GetReligion readers know that I am a big sports fan, even during these days of NFL confusion. I lived in greater Baltimore for 12 years and followed the Ravens quite closely.
So, yes, I watched the NFL Hall of Fame speeches the other day, in part because Ray "God's linebacker" Lewis was a first-ballot pick and he spoke at the end of the program.
Now, you knew that Lewis was going to go into full-tilt preacher mode when given this kind of platform. Right?
So imagine my rather cynical surprise when I picked up my Knoxville News Sentinel the next day and saw this headline on the Associated Press story covering this event: "Hall of Fame speeches get political." That was a shorter version of the AP's own headline: "Hall of Fame speeches get political in Canton, Chattanooga."
Ah come on. Yes, there was obvious political implications to many of the remarks. I get that.
But several of the speakers packed their speeches with so much Godtalk that I thought the NFL police were going to have to rush in to prevent them from ending with an altar call. Many of the most striking remarks, in terms of politics, were mixed with religious content. I mean, Lewis -- in a plea for safer schools -- even talked about prayer in American schools.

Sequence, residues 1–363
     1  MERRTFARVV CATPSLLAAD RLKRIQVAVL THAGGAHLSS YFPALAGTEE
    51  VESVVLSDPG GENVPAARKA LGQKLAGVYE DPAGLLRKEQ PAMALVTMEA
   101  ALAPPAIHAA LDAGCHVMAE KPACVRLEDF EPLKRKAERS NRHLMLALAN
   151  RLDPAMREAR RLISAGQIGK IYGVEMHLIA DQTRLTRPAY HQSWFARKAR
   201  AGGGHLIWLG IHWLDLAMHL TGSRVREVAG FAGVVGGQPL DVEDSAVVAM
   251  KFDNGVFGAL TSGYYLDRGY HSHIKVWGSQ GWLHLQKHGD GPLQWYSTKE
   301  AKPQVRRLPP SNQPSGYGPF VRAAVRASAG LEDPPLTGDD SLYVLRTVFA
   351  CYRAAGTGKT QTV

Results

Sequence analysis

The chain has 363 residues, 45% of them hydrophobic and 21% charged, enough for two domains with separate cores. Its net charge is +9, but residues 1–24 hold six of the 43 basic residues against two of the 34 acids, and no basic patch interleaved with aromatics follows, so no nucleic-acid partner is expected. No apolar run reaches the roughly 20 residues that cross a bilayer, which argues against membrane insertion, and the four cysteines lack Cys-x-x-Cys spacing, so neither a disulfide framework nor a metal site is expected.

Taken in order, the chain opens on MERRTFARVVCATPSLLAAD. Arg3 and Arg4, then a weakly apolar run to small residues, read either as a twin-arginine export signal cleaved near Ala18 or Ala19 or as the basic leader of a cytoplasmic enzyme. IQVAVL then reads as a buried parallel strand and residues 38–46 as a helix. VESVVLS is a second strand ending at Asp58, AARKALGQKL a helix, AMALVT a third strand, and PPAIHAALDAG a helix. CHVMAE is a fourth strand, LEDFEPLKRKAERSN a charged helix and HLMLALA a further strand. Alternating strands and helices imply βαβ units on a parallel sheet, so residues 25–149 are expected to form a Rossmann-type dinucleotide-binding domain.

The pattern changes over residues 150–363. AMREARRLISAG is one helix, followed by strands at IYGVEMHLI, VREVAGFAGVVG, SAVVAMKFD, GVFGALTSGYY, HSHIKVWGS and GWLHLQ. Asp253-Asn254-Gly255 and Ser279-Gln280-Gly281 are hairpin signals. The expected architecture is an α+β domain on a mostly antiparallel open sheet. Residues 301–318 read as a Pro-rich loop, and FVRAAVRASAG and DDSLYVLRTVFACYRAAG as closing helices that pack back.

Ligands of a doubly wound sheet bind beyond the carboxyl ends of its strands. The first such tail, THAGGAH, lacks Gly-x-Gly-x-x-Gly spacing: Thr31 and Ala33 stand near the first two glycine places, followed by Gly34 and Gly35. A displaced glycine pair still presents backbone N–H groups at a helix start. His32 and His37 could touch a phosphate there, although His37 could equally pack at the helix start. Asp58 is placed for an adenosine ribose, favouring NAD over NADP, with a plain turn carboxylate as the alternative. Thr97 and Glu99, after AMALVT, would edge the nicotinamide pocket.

This was a classic example of one of GetReligion's major themes: "Politics is real. Religion? Not so much." Here is the AP overture, which is long -- but essential. You have to see how hard AP worked to stress the political over the spiritual.
CANTON, Ohio (AP) -- Just as the demonstrations of players during the national anthem have become a means of expression for NFL players, the stage at the Hall of Fame inductions often turns into a political platform. It certainly did Saturday night.
Ray Lewis did so with his words, and Randy Moss with his tie.
There even were political tones with a different target 600 miles away during Terrell Owens’ speech at his personal celebration of entering the pro football shrine.